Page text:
World War II veterans were still living when our family moved back to Iowa in 1993. In each conversation with one of them, I asked about the Aug. 6, 1945 atomic bombing of Hiroshima, Japan and the Nagasaki bombing three days later. To a person, they felt the bombings were warranted, agreeing with President Harry Truman’s decision to drop them. As they aged and died a couple changed their minds.
We have come to accept what President Ronald Reagan and Secretary General Mikhail Gorbachev said in Geneva, Switzerland 36 years ago, “A nuclear war cannot be won and must never be fought.”
Since then, the U.S. rushed to undo arms control measures. Under President George W. Bush we withdrew from the Anti-Ballistic Missile Treaty. Under President Trump, we withdrew from the Intermediate-Range Nuclear Forces Treaty, the Joint Comprehensive Plan of Action (Iran Deal), the New START Treaty, and the Open Skies Treaty. Hard work of arms control, and compliance with Article VI of the Nuclear Non-proliferation Treaty, seemed to have been abandoned.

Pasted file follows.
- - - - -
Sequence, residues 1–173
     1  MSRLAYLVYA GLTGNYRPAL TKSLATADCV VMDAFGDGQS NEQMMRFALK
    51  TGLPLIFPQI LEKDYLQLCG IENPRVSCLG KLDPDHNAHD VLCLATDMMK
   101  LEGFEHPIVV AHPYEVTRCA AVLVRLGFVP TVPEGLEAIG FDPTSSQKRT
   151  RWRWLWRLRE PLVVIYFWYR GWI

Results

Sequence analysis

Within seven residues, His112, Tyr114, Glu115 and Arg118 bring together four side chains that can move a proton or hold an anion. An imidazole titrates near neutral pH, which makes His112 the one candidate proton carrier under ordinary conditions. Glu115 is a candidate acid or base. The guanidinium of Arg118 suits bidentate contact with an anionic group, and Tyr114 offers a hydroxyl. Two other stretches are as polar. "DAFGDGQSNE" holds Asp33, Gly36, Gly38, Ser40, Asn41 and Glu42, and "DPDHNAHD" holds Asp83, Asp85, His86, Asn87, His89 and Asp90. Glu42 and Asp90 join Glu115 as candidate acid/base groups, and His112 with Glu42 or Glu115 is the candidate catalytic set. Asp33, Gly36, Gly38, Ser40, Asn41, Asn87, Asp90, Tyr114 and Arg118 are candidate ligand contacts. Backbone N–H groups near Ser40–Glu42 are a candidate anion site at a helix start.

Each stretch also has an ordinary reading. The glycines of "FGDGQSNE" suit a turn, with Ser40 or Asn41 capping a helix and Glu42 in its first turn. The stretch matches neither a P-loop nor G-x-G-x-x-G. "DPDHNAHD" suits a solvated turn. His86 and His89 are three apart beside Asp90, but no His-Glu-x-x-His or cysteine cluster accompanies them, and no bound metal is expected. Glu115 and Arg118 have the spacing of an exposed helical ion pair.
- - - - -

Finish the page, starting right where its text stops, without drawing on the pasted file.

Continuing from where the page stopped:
On the 76th anniversary of the atomic bombings we are heartened by the June 16 meeting between U.S. President Joe Biden and Russian President Vladimir Putin. The leaders released a joint statement, “Today, we reaffirm the principle that a nuclear war cannot be won and must never be fought.” They pledged to launch a bilateral Strategic Stability Dialogue to lay the groundwork for future arms control. We can only work toward the idea that this time it sticks.
~ First published in the Solon Economist on July 29, 2021.